Immerse yourself in something new this weekend and see an old favorite…
Art is often a solo venture for me. Whether I’m creating or simply taking in the work of someone else, I like experiencing it alone. At my own pace. No constraints or worry that I might be moving too fast…or on the rare occasion, too slow. Nowhere does this ring more true than galleries and museums. Sorry, friends, but the list of people with whom I actually enjoy going to museums with is short. When inspiration is sought, I am my own best company. After reading Big Magic, I’ve been meditating on the ideas of inspiration and creativity and how best to nurture it. Museums and galleries were once a much larger part of my life, and I’ve come to realize just how much I missed the time spent strolling through those spaces filled with the work of others. So, I took it as a bit of a sign when I kept seeing rave review after rave review pop up on my Facebook feed from friends and former professors extolling the virtues of the Frank Stella retrospective, on view at the new Whitney Museum in New York.
On a cold and blustery NYC afternoon, I stepped over the threshold of the brand new Whitney Museum, reopened in the Meatpacking District last May. Designed by architect Renzo Piano, the impressive building rises above the High Line, a stark and beautiful modern-industrial building that contrasts against the historic brick that surrounds it. Boasting around 50,000 square feet of indoor exhibition space, and 13,000 square feet of outdoor space, the cantilevered design includes a collection of terraces and large glass windows that overlook the city and the Hudson River, inviting museum-goers an opportunity to meditate on the art, the space, and the location all at once.
Climb the stairs to floor five, and you’ll find the exhibition I sought out on that cold January day: the Frank Stella retrospective. On view through February 7th, there are just four more weekends remaining to take advantage of this remarkable show. The retrospective includes close to 100 works by the artist, spanning from the mid-1950’s to present-day and filling the entire floor of the gallery. From his minimalist Black Paintings to the artist’s more current sculptural work, visitors are guided through the larger-than-life evolution of an artist. Whether you’re familiar with Stella’s work or not, by the time you’ve finished absorbing his path and process, the two paintings at the entrance of the gallery, which are, upon first encounter seemingly at odds with one another, make perfect sense.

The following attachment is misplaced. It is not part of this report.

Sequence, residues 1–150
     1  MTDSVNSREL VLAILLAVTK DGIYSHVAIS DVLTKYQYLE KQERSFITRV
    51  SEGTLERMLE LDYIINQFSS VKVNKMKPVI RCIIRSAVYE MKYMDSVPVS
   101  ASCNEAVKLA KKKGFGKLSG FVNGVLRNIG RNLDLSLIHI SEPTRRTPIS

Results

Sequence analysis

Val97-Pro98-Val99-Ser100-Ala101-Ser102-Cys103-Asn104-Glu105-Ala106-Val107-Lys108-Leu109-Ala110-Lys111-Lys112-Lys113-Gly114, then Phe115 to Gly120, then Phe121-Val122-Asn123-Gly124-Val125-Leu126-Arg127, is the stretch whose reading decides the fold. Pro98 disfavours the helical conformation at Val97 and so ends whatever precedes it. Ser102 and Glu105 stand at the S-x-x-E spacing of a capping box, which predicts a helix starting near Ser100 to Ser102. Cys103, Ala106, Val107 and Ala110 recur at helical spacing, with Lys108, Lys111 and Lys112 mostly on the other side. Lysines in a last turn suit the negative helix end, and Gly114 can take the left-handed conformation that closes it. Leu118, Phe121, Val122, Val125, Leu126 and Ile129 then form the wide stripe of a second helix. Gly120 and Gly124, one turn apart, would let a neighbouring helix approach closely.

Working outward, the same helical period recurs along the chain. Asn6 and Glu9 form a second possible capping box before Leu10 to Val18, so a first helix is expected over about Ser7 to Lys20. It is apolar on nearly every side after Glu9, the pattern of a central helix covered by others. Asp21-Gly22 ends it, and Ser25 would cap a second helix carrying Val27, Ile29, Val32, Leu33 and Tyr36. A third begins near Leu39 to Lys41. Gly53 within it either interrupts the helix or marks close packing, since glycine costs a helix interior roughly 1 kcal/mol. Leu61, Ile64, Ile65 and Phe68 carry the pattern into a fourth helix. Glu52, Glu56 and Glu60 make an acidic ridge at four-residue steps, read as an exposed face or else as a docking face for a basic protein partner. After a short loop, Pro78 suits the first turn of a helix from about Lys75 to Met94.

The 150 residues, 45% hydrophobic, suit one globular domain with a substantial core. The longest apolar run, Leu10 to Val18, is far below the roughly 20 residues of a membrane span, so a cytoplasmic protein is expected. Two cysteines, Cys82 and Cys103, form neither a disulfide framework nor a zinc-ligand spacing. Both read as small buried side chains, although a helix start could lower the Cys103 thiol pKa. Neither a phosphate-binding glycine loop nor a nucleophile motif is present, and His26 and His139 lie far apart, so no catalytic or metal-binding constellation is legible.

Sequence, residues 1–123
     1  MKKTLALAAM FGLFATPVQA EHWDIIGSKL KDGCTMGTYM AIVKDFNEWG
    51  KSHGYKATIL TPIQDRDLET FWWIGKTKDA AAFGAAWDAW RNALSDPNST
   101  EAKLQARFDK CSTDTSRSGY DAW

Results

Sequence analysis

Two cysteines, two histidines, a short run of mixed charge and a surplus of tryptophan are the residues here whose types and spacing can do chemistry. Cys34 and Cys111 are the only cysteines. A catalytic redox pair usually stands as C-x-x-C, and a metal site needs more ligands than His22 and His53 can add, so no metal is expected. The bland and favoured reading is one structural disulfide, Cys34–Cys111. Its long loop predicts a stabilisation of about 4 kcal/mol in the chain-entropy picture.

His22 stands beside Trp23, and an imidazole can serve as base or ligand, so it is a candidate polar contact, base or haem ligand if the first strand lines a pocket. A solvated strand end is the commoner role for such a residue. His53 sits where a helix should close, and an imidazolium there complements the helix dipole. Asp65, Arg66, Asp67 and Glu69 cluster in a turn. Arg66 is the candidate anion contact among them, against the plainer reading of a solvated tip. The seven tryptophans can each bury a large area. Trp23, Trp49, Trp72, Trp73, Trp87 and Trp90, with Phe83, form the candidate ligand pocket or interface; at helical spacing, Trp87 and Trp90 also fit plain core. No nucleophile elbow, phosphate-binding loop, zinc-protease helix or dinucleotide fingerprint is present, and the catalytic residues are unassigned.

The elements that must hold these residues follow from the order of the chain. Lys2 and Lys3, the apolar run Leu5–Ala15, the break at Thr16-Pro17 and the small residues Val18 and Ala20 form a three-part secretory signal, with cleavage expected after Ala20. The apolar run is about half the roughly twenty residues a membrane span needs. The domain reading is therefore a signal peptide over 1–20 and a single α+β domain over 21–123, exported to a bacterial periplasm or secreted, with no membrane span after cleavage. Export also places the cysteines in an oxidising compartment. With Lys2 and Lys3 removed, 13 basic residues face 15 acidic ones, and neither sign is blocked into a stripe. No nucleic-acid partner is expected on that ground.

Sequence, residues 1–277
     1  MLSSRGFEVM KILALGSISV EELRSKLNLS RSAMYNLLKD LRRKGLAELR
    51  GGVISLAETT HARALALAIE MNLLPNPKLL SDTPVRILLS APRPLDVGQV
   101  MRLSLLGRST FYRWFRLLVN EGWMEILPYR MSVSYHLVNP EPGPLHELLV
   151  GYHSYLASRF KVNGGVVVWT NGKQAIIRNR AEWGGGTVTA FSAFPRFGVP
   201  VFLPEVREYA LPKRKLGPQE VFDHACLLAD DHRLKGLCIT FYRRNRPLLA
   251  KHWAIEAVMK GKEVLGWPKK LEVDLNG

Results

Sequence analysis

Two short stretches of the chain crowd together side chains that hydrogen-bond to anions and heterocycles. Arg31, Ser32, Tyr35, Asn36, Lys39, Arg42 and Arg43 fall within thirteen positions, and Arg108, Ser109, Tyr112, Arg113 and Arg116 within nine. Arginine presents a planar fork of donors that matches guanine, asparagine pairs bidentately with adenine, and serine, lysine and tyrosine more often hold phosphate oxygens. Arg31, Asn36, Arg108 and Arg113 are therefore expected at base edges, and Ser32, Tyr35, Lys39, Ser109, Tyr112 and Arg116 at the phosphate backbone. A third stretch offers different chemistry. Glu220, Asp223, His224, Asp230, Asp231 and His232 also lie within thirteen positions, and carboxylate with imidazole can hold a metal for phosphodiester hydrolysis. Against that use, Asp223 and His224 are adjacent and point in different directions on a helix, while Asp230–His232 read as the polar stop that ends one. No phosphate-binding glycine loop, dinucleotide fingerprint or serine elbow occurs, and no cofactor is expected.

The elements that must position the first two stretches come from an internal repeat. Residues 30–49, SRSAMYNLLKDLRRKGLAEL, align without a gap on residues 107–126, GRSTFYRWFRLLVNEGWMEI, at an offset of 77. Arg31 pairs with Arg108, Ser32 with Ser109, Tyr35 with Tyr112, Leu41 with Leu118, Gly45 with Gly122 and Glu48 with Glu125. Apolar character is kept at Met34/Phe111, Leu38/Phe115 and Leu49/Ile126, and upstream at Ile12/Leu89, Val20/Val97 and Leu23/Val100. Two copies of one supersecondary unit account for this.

After getting your fill of Stella, be sure to climb your way to the remaining floors (ignore the elevator unless necessity calls for it, as the stairs offer impressive views of the Hudson…also, exercise), stopping to view the equally impressive Archibald Motley show and Wagner collections before ducking in to the cafe for a matcha and avocado toast. Much-needed sustenance after a few hours spent viewing art. After browsing the museum store for art books — I picked up a Nan Goldin book and Draw it With Your Eyes Closed — brave the cold for a stroll around the Meatpacking District and neighboring Chelsea, or make use of the High Line to get a birds-eye view of cold but beautiful NYC.